Over time, the anti-convulsive meds proved not to work well. Their side effects were just as bad as the seizures themselves. During these years, it is amazing that Jess was able to learn anything. Our only hope now was to try a Vagus Nerve Stimulator (VNS). The first generation of the VNS, were visible in the chest looking like a hockey puck. Now the implant is placed differently and is more discreet. The neurologist said that for one third of patients, there is no reduction of seizures, one third have a moderate effect and a third very successful. Jess fell in the most successful group. Because of the VNS, she eventually was weaned off of all medication. She blossomed. Jess started to talk!
Jess had this implant for a year and a half when I felt that the implant had shifted, It appeared to be floating inside her chest. She had another surgery and the VNS was replaced.
As wonderful as it was to have success with the implant, it required maintenance. We had to have an EEG every six months. I wondered how this would effect Jess’s life. How would she manage this? I began to obsess over this dilemma. Within six weeks, I noticed changes where the implant was. There was bruising. Our neurologist’s office suggested we see their surgeon for an appointment. The surgeon wasn’t alarmed and was convinced that she probably had fallen. He said to advise him if there are any more changes. Within a week, it was oozing. a clear liquid. It was then decided that surgery would be necessary and we made an appointment for the following Monday. The surgeon then gave me his private cell phone # (who does that?) telling us to call if there were any more changes. By Saturday, I had to call. Jess was now bleeding. The Dr. said to go to the ER asap and he would meet us there.
When the VNS was removed, there was no infection, but this time it couldn’t be replaced. The surgeon said that this has never happened before. He was puzzled and we were dumbfounded. What are we going to do now? If that weren’t bad enough, Jess developed a staph infection. Ignorance is bliss because we had no idea how serious that was, however, that’s another story.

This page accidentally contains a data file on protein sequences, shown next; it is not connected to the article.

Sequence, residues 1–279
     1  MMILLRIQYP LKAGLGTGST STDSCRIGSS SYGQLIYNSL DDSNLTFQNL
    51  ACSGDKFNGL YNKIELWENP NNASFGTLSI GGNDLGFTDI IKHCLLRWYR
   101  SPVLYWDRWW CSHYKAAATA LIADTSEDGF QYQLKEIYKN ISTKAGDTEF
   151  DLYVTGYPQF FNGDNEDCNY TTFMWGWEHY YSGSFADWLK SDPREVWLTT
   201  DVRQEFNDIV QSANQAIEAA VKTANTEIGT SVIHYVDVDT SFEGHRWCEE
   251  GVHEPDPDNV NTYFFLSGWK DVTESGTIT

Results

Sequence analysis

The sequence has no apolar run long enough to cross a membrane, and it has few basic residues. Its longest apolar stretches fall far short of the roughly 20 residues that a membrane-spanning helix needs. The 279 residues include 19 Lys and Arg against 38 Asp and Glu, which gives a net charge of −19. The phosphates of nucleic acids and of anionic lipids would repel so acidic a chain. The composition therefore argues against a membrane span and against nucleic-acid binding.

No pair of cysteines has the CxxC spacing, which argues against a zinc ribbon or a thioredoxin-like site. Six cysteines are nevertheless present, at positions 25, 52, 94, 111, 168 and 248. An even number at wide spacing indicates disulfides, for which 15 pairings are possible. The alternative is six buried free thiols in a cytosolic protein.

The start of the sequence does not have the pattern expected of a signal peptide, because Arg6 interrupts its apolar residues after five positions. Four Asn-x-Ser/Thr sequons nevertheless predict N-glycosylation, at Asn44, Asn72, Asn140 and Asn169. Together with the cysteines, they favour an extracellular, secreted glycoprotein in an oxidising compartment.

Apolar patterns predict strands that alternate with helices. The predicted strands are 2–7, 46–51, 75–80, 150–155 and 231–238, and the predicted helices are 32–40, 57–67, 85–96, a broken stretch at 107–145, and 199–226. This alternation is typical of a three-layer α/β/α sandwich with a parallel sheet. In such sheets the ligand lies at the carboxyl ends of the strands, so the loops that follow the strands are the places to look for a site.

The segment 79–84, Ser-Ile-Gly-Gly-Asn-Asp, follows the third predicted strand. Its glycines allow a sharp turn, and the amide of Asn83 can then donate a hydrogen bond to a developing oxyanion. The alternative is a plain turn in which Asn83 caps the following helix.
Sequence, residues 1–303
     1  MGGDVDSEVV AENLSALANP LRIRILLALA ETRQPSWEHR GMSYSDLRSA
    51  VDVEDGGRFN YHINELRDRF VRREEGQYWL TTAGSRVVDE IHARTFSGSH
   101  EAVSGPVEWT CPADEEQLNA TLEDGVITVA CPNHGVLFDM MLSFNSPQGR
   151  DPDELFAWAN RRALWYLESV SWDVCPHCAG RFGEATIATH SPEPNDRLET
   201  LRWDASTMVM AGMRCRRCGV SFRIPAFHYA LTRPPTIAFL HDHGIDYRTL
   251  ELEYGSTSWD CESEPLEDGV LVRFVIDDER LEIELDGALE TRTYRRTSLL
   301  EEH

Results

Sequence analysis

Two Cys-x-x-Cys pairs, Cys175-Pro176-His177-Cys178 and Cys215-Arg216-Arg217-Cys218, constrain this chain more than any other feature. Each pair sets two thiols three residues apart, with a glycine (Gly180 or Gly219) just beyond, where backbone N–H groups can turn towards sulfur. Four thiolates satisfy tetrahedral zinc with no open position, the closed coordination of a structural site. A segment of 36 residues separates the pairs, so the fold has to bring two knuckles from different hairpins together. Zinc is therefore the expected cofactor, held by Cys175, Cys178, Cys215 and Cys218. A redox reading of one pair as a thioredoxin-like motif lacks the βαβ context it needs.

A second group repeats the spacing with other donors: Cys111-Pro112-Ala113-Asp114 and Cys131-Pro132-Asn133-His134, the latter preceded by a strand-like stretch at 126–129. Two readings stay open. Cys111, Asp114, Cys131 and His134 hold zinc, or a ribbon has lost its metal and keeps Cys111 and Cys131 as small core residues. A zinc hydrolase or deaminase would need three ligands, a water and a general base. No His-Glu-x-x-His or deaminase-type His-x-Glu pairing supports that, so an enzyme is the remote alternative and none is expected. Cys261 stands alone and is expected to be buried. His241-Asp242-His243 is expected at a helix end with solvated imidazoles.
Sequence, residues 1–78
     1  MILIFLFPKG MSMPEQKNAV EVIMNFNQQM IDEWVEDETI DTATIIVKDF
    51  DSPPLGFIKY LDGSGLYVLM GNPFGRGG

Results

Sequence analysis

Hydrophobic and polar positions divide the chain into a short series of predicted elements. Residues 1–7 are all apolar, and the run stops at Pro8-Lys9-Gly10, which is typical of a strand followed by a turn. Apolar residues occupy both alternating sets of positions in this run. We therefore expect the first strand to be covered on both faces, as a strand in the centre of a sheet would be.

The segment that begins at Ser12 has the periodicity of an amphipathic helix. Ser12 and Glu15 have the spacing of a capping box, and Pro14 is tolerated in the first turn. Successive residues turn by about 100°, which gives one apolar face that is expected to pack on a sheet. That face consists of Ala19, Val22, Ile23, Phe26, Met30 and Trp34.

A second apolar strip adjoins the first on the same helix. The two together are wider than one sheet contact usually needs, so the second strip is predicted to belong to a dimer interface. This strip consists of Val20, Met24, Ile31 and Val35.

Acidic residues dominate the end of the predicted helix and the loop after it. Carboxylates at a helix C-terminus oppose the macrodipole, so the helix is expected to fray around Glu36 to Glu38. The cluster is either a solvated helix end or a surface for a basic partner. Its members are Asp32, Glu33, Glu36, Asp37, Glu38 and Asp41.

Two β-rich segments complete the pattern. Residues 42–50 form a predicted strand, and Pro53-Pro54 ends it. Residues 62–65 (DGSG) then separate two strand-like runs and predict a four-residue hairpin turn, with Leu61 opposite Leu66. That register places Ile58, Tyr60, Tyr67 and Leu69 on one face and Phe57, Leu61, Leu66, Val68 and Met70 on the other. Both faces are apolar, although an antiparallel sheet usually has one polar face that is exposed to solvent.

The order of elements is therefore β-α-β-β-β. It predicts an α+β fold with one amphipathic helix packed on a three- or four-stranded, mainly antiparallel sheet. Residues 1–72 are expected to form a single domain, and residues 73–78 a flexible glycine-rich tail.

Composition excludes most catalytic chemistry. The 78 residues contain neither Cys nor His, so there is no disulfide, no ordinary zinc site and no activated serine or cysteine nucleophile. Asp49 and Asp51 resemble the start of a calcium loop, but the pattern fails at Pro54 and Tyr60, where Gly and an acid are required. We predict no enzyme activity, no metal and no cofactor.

Without the VNS, Jess ended up going back on a low dose of seizure med for a short while.
After another 18 months, the EEG’s were not showing any change of seizure activity, I decided to stop the testing. Apparently, some children with Angelman’s Syndrome may find their seizures reduce as they get older and this was the case for Jess.
The hard lessons learned:
Just because a doctor acts like they know all the answers, doesn’t mean they do. When I ask a doctor a question, sometimes it is refreshing when they say they don’t know.
Shop for your doctor. It took us four attempts before we found a good neurologist.
No one knows your child better than you do. If your gut tells you something different than what a doctor, teacher or therapist tells you, then follow your instincts. I may be just a mom, but somehow I was able to diagnose a hernia, seizures, toxicity to medicine and figured out my daughter’s true diagnosis, Angelman Syndrome. I’m mystified that I was able to figure these things out when I didn’t even have the vaguest idea as to what I was witnessing.
Finally, the professionals are not always right. If you want an answer you have to find it yourself. Just because “they” tell you something emphatically and with authority, doesn’t mean they are correct. Someone has to be at the bottom of their class…